United States District Court, E.D. Oklahoma
LARRY R. MILLER, Plaintiff,
COMMISSIONER OF SOCIAL SECURITY ADMINISTRATION, Defendant.
REPORT AND RECOMMENDATION
KIMBERLY E. WEST, UNITED STATES MAGISTRATE JUDGE.
Larry R. Miller (the “Claimant”) requests
judicial review of the decision of the Commissioner of the
Social Security Administration (the
“Commissioner”) denying Claimant's
application for disability benefits under the Social Security
Act. Claimant appeals the decision of the Administrative Law
Judge (“ALJ”) and asserts that the Commissioner
erred because the ALJ incorrectly determined that Claimant
was not disabled. For the reasons discussed below, it is the
recommendation of the undersigned that the Commissioner's
decision be AFFIRMED.
Security Law and Standard of Review
under the Social Security Act is defined as the
“inability to engage in any substantial gainful
activity by reason of any medically determinable physical or
mental impairment. . .” 42 U.S.C. § 423(d)(1)(A).
A claimant is disabled under the Social Security Act
“only if his physical or mental impairments are of such
severity that he is not only unable to do his previous work
but cannot, considering his age, education, and work
experience, engage in any other kind of substantial gainful
work which exists in the national economy. . .” 42
U.S.C. § 423(d)(2)(A). Social Security regulations
implement a five-step sequential process to evaluate a
disability claim. See 20 C.F.R. §
review of the Commissioner's determination is limited in
scope by 42 U.S.C. § 405(g). This Court's review is
limited to two inquiries: first, whether the decision was
supported by substantial evidence; and, second, whether the
correct legal standards were applied. Hawkins v.
Chater, 113 F.3d 1162, 1164 (10th Cir. 1997) (citation
omitted). The term “substantial evidence” has
been interpreted by the United States Supreme Court to
require “more than a mere scintilla. It means such
relevant evidence as a reasonable mind might accept as
adequate to support a conclusion.” Richardson v.
Perales, 402 U.S. 389, 401 (1971), quoting
Consolidated Edison Co. v. NLRB, 305 U.S. 197, 229
(1938)). The court may not re-weigh the evidence nor
substitute its discretion for that of the agency. Casias
v. Secretary of Health & Human Servs., 933 F.2d 799,
800 (10th Cir. 1991). Nevertheless, the court must review the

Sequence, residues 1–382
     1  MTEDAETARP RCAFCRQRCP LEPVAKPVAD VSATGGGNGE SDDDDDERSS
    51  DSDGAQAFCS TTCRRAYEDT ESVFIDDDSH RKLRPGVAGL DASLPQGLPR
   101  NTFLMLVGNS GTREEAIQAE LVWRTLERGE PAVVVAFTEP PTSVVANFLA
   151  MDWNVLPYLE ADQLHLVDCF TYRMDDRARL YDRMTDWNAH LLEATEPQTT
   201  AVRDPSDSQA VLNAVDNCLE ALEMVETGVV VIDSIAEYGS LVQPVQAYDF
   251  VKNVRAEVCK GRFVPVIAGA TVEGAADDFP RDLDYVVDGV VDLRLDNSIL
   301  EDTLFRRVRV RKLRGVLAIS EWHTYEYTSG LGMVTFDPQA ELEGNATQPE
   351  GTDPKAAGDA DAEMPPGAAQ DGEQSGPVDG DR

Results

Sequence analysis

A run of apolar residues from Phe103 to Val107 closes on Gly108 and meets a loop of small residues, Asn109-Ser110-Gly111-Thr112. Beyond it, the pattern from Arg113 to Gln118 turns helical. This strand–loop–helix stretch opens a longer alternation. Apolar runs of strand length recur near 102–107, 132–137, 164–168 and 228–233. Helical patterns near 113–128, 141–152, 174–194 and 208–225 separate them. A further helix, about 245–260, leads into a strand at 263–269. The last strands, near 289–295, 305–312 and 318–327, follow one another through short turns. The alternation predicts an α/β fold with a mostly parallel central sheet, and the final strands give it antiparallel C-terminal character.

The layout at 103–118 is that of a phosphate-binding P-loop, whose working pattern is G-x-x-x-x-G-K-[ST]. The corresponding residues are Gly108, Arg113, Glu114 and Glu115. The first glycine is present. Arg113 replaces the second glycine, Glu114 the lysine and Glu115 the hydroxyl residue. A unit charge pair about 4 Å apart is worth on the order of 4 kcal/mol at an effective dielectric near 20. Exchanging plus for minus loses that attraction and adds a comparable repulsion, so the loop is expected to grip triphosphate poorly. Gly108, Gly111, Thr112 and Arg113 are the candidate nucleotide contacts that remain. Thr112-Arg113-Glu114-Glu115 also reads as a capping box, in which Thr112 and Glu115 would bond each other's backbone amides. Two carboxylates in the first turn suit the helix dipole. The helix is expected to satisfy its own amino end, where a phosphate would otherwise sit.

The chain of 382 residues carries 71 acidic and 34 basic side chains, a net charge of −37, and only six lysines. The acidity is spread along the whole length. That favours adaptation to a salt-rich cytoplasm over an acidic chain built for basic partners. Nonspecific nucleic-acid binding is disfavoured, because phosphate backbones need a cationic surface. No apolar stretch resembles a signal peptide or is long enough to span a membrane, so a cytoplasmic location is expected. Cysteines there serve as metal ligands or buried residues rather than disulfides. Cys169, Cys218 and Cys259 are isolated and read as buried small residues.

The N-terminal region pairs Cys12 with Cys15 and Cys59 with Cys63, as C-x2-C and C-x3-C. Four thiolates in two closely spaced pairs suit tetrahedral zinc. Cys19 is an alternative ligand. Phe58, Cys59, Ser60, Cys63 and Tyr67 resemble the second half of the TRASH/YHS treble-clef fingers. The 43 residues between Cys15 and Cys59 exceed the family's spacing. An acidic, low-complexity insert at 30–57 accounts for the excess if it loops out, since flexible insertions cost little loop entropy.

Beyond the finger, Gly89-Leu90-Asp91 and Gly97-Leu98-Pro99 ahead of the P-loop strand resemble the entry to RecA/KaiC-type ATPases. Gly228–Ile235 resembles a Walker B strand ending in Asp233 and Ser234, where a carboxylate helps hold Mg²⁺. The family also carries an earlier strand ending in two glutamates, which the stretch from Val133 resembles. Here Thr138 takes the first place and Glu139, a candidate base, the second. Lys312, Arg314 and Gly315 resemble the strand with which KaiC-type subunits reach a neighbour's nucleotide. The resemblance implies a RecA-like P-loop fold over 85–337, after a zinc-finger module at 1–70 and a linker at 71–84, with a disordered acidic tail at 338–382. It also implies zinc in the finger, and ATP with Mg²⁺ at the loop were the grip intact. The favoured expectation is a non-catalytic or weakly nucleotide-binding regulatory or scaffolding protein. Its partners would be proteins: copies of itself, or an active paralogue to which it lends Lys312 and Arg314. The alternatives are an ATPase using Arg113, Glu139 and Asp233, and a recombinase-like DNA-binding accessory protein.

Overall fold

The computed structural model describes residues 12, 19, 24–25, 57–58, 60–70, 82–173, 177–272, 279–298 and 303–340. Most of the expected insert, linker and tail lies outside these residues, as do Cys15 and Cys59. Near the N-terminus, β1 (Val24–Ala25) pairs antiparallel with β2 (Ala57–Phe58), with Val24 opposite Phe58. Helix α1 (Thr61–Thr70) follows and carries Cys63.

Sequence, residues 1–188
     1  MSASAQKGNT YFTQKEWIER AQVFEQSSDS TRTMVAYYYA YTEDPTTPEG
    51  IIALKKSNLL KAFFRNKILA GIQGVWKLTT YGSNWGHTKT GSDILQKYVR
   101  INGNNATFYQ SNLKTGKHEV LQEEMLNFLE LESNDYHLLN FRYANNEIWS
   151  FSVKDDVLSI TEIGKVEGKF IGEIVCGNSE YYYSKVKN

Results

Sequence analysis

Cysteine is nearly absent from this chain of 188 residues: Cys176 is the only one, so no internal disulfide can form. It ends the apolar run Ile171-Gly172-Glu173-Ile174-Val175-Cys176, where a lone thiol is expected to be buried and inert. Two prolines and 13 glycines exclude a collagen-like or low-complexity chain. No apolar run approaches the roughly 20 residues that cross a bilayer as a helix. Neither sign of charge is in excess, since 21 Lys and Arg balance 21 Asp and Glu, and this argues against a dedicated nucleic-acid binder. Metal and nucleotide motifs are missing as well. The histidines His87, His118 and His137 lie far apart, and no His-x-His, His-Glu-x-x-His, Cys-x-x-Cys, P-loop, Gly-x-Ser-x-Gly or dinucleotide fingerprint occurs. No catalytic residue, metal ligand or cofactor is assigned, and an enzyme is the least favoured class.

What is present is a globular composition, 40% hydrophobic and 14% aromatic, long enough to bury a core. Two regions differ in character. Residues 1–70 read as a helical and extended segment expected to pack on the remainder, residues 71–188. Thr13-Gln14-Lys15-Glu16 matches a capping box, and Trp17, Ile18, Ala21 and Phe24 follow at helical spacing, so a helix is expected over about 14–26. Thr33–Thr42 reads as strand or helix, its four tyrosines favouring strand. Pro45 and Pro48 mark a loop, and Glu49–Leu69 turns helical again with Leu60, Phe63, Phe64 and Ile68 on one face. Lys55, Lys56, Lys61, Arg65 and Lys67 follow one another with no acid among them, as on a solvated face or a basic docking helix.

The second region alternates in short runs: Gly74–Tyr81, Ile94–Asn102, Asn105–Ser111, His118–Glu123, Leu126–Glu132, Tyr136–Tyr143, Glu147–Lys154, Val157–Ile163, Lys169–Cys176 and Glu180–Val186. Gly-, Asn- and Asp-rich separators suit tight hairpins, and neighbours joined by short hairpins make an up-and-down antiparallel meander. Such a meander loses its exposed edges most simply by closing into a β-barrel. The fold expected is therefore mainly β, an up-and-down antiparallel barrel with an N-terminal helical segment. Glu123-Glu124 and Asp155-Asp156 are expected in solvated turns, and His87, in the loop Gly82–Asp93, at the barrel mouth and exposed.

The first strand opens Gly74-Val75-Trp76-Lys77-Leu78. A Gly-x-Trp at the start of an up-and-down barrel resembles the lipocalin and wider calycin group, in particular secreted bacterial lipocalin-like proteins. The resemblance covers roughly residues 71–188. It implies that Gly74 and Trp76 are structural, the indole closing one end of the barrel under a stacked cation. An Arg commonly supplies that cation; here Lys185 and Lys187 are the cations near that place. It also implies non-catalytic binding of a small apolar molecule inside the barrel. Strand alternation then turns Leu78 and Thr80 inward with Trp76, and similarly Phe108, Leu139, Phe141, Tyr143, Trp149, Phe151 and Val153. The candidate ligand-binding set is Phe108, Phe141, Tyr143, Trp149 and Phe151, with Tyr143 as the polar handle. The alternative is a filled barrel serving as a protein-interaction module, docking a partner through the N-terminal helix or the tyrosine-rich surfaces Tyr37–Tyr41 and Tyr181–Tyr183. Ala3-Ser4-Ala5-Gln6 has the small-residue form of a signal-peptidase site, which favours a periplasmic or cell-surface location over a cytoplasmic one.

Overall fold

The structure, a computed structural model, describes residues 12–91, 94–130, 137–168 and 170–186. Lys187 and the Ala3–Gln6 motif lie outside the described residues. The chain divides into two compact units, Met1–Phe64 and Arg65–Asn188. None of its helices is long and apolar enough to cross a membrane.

record as a whole, and the “substantiality of the
evidence must take into account whatever in the record fairly
detracts from its weight.” Universal Camera Corp.
v. NLRB, 340 U.S. 474, 488 (1951); see also,
Casias, 933 F.2d at 800-01.
was 34 years old at the time of the ALJ's decision. He
has a high school education and has worked in the past as a
set up technician, spot welder, and veterinarian assistant.
Claimant alleges an inability to work beginning on July 23,
2014, due to limitations resulting from depression, tremors,
anxiety, bipolar disorder, schizophrenia, ADHD, dyslexia,
sleep apnea, and back problems.
September 26, 2014, Claimant protectively filed for a period
of disability and disability insurance benefits under Title
II (42 U.S.C. § 401, et seq.) of the Social
Security Act. Claimant's application was denied initially
and upon reconsideration. On April 25, 2017, the
Administrative Law Judge(“ALJ”) Joseph Liken
conducted a video hearing from Dallas, Texas, and Claimant
appeared in Paris, Texas. On May 16, 2017, the ALJ entered an
unfavorable decision. Claimant requested review by the
Appeals Council, and on February 22, 2018, the Appeals
Council denied review. As a result, the decision of the ALJ
represents the Commissioner's final decision for purposes
of further appeal. 20 C.F.R. § 404.981.
of the Administrative Law Judge
made his decision at step five of the sequential evaluation.
He determined that while Claimant suffered from severe
impairments, he did not meet a listing and retained the
residual functional capacity (“RFC”) to perform
light work, with limitations.
Alleged for Review
asserts the ALJ committed error by finding Claimant had
certain limitations in one portion of his decision and then
by failing to include the limitations in his RFC assessment.
Because of this, Claimant argues the RFC is not supported by